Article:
Over the last eight years, the Three Tomatoes lifestyle guide for women "who aren't kids" has grown from a newsletter to a popular website.
"Everybody in the media is focusing on twentysomethings," said New York-based founder Cheryl Benton. "We have clearly struck a chord."
And now the guide hopes to strike a chord with female moviegoers with the Three Tomatoes film series kicking off Saturday afternoon at the Downtown Independent with the West Coast premiere of the award-winning documentary "Women of '69, Unboxed." The screening will be followed by a panel discussion and wine reception.
"I thought it would be great to have a [film] series where you are showing the power, the talent and interesting stories about women over 40," said Debbie Zipp, the Three Tomatoes West Coast editor and producer. "Either the film has to be directed, produced or written by a woman. We feel 'Women of '69' is a perfect choice for us."
Within two weeks of Zipp telling Benton her vision for the series, they received a screener of "Women of '69."
"I watched it immediately and called Debbie and said I think we have found the film we are going to launch with."
"Women of '69, Unboxed" utilizes the unorthodox, artistic yearbook photos of the 370 women who graduated from Skidmore College in Saratoga Springs, N.Y., in 1969 juxtaposed with interviews with several of the women today.
(The graduating class of the then-women's college opted to think outside the box — or rather inside the box. Instead of putting their senior photos in a traditional yearbook, they opted to break the rules and put them in what they called a "yearbox.")
One of those women of '69 is Liz Roman Gallese, an award-winning Internet publisher, author and journalist who is executive producer-producer of the film. Her classmate, independent film and TV producer Jane Startz, is a producer, and Startz's husband, veteran documentary filmmaker Peter Barton, is the director-producer. (All three will be participating in the panel discussion after the screening.)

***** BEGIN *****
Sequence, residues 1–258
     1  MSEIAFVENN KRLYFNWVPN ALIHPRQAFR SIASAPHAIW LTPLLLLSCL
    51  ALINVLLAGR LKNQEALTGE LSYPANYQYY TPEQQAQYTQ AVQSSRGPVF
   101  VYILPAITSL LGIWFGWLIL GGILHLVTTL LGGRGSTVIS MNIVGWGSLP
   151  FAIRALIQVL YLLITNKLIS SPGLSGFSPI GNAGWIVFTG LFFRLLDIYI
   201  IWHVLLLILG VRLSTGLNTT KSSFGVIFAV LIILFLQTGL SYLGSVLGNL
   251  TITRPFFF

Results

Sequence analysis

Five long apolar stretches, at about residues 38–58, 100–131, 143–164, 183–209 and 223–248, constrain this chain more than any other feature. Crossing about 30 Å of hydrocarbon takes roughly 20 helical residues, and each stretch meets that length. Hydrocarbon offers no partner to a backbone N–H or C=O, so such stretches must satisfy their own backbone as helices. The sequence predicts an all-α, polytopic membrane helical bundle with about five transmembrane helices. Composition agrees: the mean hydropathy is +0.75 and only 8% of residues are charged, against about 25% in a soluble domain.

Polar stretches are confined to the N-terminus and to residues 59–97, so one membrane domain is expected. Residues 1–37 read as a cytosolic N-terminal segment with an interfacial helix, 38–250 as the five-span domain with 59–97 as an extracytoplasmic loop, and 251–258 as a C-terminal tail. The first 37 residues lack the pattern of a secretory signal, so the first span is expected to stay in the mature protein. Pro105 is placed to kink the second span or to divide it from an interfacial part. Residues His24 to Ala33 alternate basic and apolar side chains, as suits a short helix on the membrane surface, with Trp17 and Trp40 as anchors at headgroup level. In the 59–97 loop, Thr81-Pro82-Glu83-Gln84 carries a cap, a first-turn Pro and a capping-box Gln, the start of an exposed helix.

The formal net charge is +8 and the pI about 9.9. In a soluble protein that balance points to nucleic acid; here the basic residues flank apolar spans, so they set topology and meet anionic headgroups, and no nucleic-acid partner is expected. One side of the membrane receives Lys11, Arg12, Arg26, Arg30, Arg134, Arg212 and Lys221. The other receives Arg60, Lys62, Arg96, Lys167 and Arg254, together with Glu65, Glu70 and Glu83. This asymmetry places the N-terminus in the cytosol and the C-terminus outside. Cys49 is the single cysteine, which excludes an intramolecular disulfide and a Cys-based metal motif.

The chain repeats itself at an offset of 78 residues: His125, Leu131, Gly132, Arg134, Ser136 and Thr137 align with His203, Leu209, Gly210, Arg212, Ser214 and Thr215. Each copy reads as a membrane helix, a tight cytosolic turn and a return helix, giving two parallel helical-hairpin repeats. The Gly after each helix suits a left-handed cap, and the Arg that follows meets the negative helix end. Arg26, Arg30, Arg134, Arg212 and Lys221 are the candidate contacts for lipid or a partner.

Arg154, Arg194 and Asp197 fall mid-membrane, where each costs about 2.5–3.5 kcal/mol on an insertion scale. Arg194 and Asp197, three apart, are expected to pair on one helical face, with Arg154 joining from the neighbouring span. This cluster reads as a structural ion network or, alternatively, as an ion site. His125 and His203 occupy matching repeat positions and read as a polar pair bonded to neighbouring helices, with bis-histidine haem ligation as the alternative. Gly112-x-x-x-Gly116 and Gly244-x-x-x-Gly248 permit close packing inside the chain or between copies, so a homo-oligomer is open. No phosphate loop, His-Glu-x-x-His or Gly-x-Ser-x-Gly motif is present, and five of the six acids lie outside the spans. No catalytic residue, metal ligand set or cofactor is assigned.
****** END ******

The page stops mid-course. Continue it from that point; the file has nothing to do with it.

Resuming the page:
"One of the reasons myself, Peter and Jane wanted to do this was we wanted our movie to speak not only as an historical period piece to the boomer generation but to a younger generation and, in particular, young women who frankly have no idea that the world that they inhabited now and the opportunities that they can avail themselves didn't always exist," said Gallese.
In those days, options for women college students were few. "The most typical college woman in the '50s through '60s was [at college] to get a Mrs. degree," said Gallese.
Still, who could blame them, said Gallese, "when the opportunities were so limited. As one woman said in the movie, we were sort of pigeonholed. You could be a nurse, you could be a teacher, you could be an executive assistant. That was about it. You were not being admitted to the professional schools on the same basis as men.
The world changed radically during the four years they were at school with the Vietnam War protests, the women's and civil rights movement and the assassinations of Robert Kennedy and Martin Luther King.
"I remember arriving on campus in [in 1965] in my matching Villager sweater and skirt," said Judith Wilson, one of the graduates interviewed in the documentary, currently the director of development for the Pasadena Community Foundation. "Then we left in jeans."